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'Partners in Transportation' roll into Oregon State

Northwest Transportation Conference, with workshops, presentations, hits CH2M Hill

By Tom Nightingale
The Daily Barometer

This week, Oregon State University will host the 2004 Northwest Transportation Conference with more than 400 transportation professionals from throughout Oregon and the Pacific Northwest expected to participate.

The conference, themed "Partners In Transportation," is cosponsored by the Kiewit Center for Infrastructure and Transportation at OSU, and will feature workshops and presentations on many transportation related topics, including a Segway scooter demonstration that will kick-start the three-day event.

The event will be held on campus at CH2M Hill Alumni Center with transportation experts and officials addressing a wide range of issues, from how Oregon can utilize European bicycle and pedestrian oriented designs to how homeland security and an aging population will impact the region's transportation.

The OSU Kiewit Center for Infrastructure and Transportation director, James Lundy, believes hosting the conference is a fantastic achievement for the University.

"OSU have done this every other year since about 1949, so we've been in the process for a long time," Lundy said. "Originally the conference started out by focusing almost exclusively on roads and streets but all modes of transportation has grown to really be the scope now."

Lundy believes the conference will help gain exposure for not only the university, but also the OSU engineering department.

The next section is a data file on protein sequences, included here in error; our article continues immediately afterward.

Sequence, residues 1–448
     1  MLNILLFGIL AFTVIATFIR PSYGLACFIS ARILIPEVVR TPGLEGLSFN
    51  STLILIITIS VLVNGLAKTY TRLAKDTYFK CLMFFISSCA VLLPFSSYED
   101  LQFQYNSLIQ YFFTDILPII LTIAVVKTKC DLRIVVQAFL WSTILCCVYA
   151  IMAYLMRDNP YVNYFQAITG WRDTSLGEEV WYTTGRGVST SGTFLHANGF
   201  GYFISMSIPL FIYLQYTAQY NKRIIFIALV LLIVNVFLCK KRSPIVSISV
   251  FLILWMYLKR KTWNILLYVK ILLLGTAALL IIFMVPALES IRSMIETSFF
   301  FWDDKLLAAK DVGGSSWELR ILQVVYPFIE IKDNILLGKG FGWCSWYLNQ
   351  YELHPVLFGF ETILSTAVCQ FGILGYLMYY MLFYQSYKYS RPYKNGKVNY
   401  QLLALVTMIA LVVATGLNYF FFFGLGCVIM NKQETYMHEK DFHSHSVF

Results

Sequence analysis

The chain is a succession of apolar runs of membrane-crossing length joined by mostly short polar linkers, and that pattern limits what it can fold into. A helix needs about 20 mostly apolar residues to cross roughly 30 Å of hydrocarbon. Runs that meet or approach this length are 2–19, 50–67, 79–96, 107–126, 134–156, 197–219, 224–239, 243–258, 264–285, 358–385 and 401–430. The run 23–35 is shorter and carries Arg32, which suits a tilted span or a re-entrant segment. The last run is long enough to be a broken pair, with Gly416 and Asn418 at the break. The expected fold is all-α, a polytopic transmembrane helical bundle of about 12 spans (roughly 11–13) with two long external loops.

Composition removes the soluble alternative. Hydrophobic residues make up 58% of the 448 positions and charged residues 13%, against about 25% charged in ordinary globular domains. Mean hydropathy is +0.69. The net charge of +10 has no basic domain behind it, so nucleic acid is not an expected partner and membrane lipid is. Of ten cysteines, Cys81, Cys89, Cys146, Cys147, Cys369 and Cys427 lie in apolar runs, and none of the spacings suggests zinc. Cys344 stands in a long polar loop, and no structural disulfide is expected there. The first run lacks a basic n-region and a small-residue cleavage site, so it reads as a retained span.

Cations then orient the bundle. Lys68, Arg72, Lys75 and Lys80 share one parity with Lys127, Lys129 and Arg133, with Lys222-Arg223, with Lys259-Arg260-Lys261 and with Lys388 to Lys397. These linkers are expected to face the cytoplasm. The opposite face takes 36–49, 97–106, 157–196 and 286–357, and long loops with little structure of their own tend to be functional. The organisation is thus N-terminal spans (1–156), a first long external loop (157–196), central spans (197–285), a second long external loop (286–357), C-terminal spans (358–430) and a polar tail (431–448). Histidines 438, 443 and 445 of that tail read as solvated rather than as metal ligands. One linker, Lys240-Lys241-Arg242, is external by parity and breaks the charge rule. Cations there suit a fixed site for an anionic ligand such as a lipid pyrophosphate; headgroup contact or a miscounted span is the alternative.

"From the conference we get the chance to showcase some of the research and work we have been doing," Lundy said.

Lundy also urged students to attend the conference, as it is a chance for all to express their views on transportation at OSU and in Corvallis.

"Part of what they can take away is information on how they might interact with the community, and one example would be bicycles," Lundy said.

"For bike and pedestrian safety and facilities to be included in a typical community, the public has to get involved and the way that might happen is if students could take ideas away from the event and then start working with the city officials and planning divisions," Lundy said.

"This is what we want and this is important to us," Lundy said. "There are ways that students can pull things from this conference and how they can then take it out into the public and let officials know what is important and what they want."

Lundy also believes that OSU and its engineering school are playing a major role in the community.

"The College of Engineering is playing a larger and larger role in developing solutions to complex transportation issues for Oregon and beyond, so its very appropriate that OSU is hosting this exciting event," Lundy said.

"As Oregon continues to grow, efficient transportation becomes critical," Lundy said. "We want to help this state be a leader in innovative, creative transportation solutions."

Registration for the conference begins at 9 a.m. today in the CH2M-HILL Alumni Center on campus with all welcome to attend.

"There's some excellent opportunities to gather together the transportation side of this, but (also) how transportation fits into everybody's lives -- whether you're a pedestrian or a bicyclist," Lundy said.